Mozilla and Samsung Team Up on Servo, a Next-Generation Web Browser Engine

Servo is designed with multi-core processors in mind

Mozilla has its hands busy, particularly for such a small outfit. It's busy bringing Firefox to Android, with limited success, it's busy launching its own mobile operating system (we'll see how that goes) and it's got several other smaller projects on the sidelines.

But one of the biggest, at least in terms of importance, is the relatively unknown Servo, a next-generation browser engine designed to eventually replace Gecko, used in Firefox.

Mozilla hasn't said much about Servo, since it's still in the experimental stages, but it's talking now that it's gotten together with Samsung to bring the engine to Android and ARM devices.

"We've recently begun collaborating with Samsung on an advanced technology Web browser engine called Servo," Mozilla explained.

"Together we are bringing both the Rust programming language and Servo, the experimental web browser engine, to Android and ARM," it said.

"This is an exciting step in the evolution of both projects that will allow us to start deeper research with Servo on mobile," it added.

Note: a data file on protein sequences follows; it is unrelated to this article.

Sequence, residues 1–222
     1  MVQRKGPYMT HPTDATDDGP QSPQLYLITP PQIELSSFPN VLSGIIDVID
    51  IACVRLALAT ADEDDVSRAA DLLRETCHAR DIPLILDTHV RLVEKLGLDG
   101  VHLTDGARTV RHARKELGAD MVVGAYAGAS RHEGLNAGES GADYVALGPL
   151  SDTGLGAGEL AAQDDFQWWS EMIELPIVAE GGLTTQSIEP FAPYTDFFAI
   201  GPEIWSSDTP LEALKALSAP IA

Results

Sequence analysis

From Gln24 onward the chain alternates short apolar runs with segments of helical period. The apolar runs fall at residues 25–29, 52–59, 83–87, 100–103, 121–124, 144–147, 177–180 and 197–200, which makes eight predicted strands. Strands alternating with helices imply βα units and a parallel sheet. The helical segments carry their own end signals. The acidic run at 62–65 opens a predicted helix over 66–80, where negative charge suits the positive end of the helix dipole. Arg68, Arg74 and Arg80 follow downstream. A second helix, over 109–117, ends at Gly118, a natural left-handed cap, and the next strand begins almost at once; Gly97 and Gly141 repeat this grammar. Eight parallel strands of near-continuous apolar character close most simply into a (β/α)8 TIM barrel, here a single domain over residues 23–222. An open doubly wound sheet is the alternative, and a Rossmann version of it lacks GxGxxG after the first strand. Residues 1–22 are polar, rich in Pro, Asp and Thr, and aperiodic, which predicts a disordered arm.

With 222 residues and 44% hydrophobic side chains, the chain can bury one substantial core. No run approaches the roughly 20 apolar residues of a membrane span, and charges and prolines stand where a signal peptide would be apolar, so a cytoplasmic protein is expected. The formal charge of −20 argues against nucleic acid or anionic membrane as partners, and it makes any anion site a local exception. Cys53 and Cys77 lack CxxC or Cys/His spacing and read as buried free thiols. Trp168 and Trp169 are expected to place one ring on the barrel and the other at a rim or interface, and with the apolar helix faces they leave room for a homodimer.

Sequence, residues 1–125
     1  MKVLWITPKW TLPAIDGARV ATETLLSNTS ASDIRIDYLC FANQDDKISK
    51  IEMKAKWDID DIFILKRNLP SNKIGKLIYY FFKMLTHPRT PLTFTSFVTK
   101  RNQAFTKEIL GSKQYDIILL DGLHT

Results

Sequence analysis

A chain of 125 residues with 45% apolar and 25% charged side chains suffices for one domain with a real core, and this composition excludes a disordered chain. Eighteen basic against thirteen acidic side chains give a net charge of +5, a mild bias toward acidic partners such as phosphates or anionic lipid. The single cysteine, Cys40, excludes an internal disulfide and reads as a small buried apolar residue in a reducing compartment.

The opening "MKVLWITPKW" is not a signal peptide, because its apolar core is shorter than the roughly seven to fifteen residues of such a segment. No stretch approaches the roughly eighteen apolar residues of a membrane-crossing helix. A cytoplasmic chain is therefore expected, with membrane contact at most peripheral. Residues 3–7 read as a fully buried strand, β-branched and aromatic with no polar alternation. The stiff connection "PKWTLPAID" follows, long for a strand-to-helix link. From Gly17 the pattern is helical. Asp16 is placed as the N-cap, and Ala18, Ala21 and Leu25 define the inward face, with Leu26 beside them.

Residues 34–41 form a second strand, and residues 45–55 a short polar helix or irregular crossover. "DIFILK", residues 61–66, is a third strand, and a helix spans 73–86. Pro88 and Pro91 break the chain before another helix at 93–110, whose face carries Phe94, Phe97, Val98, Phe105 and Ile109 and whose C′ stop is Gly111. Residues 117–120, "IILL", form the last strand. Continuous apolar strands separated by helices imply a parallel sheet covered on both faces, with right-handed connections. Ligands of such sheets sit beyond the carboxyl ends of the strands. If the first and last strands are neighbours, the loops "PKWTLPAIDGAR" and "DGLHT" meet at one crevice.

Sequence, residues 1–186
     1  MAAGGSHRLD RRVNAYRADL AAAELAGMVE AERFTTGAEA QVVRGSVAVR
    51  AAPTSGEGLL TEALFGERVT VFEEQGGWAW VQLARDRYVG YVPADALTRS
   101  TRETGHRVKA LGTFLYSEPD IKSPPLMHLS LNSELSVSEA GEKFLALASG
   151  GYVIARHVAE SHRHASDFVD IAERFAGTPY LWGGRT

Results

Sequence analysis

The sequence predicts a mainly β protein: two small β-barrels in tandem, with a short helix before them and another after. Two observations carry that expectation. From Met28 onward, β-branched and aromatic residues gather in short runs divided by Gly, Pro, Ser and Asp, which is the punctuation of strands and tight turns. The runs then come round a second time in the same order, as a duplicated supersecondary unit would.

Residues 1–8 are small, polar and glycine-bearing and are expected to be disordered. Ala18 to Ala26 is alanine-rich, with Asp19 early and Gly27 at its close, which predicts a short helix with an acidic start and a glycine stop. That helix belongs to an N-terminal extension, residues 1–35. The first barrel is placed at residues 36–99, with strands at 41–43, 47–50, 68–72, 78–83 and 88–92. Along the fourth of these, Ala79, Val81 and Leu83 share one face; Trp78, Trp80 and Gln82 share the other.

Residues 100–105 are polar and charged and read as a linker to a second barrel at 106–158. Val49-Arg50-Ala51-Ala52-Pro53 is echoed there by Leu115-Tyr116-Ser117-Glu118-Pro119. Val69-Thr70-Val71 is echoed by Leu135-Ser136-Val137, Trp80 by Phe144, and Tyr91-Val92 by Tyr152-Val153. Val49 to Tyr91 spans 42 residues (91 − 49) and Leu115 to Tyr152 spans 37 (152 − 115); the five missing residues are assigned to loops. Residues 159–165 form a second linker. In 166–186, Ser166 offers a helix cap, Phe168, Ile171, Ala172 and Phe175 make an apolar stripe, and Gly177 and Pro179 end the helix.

As for Samsung’s role in all of this, the company has contributed the ARM backend for the Rust programming language, an important component, and the infrastructure needed to cross compile for Android.

Mozilla started working on Rust years ago, there's now a healthy community around the programming language.

Likewise, Servo, which is built with Rust, has been in the works for a while, Samsung got involved well after things got moving.

But now that it's involved, it looks like Samsung is determined to make an impact. Apart from the components detailed earlier, Mozilla talks of several other Samsung contributions to both Servo and Rust.

Rust is a low level programming language designed with safety in mind, perfect for a web browser. Likewise, Servo was designed to make the most out of the multi core processors and multiple processing units that power most devices today.

Samsung's latest Galaxy S4 comes with an eight-core processor, plus a dedicated GPU with several parallel processing units. Nivida's Tegra 4 comes with a quad-core processor and a 72-core GPU.

This while browsers, HTML engines and the web itself have all been largely built with sequential single processes in mind.

The need for a proper multi-core engine for the web is clear, though it will be a while before Servo ends up in any shipping browser.

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